HomeWilliamstown NewsBoard of Education makes moves to remediate Holly Glen Elementary School mold

Board of Education makes moves to remediate Holly Glen Elementary School mold

The board approved proposals to move forward with HVAC and drainage improvements with district engineers

The next steps in the remediation of mold at Holly Glen Elementary School were a major point of discussion at last week’s Board of Education meeting.

The board approved two proposals from district engineering consultant Federici & Akin to move forward in addressing the elementary school’s HVAC system and drainage that had caused mold contamination found in October.

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The first proposal, for $118,100, would “provide architectural and design engineering services for the complete replacement of the existing mechanical system” at Holly Glen Elementary School, including an engineering study, preparation of documents and construction contract administration services to address the interior HVAC system in the building, according to representative Wendy Kunz.

The second proposal, for $102,100, would modify the building’s exterior envelope and site drainage to “address moisture issues” at the school.

“Most of the water problems at that school are strictly from loose drainage or lack of proper drainage, collecting the water along the exterior where the downspouts are and connecting it through underground piping to the nearest stormwater drain or basin,” Kunz said.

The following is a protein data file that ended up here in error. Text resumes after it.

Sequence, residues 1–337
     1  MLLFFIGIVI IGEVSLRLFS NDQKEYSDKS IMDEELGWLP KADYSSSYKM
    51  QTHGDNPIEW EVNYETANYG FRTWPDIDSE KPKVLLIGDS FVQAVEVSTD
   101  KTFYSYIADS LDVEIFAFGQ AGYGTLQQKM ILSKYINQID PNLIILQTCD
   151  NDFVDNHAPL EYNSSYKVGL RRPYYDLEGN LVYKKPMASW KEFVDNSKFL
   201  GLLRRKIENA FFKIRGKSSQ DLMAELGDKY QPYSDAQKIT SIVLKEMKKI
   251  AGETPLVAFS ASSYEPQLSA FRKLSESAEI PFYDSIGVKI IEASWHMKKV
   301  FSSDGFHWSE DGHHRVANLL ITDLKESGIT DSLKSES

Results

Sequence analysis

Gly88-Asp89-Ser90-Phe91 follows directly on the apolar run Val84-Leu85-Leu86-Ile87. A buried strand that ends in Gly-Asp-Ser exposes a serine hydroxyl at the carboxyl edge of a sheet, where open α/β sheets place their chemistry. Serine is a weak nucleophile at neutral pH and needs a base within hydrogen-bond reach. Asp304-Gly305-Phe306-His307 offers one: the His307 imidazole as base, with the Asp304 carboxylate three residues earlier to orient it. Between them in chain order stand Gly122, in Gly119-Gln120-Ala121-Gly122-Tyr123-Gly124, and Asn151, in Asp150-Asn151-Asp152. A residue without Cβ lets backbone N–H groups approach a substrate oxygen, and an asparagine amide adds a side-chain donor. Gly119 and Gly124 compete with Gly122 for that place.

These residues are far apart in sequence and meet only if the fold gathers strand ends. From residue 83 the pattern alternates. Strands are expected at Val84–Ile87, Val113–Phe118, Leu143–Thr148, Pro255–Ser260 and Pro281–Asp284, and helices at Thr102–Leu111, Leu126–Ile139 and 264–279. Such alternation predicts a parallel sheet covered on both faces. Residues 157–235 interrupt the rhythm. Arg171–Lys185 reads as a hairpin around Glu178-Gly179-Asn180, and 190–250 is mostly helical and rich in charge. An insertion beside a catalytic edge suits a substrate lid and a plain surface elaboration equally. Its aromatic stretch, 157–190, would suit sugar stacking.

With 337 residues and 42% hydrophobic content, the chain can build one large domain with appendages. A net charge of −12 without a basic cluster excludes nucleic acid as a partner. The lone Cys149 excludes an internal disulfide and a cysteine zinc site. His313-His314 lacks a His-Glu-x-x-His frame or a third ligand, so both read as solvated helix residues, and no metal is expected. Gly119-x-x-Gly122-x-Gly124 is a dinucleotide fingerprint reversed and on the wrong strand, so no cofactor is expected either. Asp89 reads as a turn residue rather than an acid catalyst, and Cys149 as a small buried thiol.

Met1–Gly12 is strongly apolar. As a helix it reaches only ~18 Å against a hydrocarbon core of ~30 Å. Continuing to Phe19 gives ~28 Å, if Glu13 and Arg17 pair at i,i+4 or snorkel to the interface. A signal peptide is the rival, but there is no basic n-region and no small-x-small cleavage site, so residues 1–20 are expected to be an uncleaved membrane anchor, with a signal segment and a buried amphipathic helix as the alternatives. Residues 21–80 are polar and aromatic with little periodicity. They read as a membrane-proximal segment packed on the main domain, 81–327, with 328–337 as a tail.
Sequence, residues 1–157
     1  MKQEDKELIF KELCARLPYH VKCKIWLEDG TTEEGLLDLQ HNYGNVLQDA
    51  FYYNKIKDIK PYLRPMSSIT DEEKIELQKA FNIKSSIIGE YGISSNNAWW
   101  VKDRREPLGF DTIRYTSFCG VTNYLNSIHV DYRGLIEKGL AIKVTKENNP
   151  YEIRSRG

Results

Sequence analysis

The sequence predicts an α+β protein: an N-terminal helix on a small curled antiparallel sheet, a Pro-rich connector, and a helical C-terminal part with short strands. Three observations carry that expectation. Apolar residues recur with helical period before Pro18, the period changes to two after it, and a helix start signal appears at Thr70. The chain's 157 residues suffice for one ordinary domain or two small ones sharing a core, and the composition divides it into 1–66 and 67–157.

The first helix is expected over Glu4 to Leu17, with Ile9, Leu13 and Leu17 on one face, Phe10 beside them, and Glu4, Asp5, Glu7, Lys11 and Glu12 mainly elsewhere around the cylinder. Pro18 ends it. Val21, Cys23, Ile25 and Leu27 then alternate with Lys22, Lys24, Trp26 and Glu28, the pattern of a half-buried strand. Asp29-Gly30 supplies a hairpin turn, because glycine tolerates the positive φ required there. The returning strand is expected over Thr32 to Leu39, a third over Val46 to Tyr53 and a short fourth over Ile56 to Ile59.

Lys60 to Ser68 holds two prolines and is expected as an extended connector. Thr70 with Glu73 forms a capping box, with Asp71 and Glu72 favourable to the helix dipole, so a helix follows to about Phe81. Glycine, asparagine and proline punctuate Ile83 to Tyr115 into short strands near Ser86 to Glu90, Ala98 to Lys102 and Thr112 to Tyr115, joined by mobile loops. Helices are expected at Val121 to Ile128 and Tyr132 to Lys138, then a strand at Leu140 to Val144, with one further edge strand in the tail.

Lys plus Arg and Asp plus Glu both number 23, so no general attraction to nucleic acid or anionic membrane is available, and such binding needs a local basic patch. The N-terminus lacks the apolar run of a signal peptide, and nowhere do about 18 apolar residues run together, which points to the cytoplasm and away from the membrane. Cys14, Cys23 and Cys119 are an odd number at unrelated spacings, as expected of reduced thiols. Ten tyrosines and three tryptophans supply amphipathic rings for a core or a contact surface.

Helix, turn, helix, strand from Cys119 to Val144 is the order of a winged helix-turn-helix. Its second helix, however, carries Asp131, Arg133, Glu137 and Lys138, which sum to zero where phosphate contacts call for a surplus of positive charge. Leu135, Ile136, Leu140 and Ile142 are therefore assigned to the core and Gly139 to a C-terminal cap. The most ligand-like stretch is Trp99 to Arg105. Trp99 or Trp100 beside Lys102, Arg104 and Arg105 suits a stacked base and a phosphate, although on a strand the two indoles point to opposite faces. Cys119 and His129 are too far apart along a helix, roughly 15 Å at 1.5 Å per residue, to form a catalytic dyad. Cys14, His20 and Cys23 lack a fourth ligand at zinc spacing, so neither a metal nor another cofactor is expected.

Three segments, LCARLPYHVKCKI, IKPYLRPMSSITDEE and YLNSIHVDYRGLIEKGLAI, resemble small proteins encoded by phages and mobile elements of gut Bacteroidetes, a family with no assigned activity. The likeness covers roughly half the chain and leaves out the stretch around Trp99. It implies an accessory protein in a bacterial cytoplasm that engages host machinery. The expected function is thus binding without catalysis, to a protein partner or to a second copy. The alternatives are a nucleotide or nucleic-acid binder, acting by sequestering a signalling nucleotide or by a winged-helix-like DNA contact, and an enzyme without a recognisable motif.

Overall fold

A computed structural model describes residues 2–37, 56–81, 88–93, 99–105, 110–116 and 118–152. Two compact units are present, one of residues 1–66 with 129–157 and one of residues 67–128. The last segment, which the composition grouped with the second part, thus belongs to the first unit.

Although board member Jeff Simpler approved the proposals as to not further hold up any progress on the building, he was concerned with the conditions of the building’s foundation and requested the engineering consultants conduct a comprehensive study to ensure the stability and safety of the school.

“I don’t want to rush to get this school open just to appease the public and the next thing you know we have to shut it down again because we have bigger problems than we thought originally,” Simpler said. “The last thing I want to do is open that school back up and have it fall on top of 400 kids, teachers and everyone else inside that building.”

According to Kunz, this comprehensive study on the foundation is included in the approved proposals and will take place as the work is being done.

Members of the public in attendance on Thursday, Jan. 18, expressed frustration and concerns about how much repair is still left to be done, and the crowded conditions for displaced students who are attending classes in other district schools.

Resident and member of the Monroe Township Education Association Paul VanHouten asked the board if there was a “Plan B” moving forward if the district’s engineers at Federici and Akin determined extensive damage during a comprehensive study of the school building. According to VanHouten, some students from Holly Glen who are attending Radix Elementary School at this time are learning in classrooms of more than 30 students, and suggested the board consider a summer catch-up program for those who may be falling behind.

“They are not in the optimal situation to be learning and it’s not an optimal situation to be teaching,” VanHouten said.

While Simpler recommended the board revive the planning committee that had formed for the return of Whitehall Elementary School, which opened in early January, Board of Education President George Caruso said he will be organizing a committee with fellow members of the board, district and public to create a plan for the future of Holly Glen Elementary School.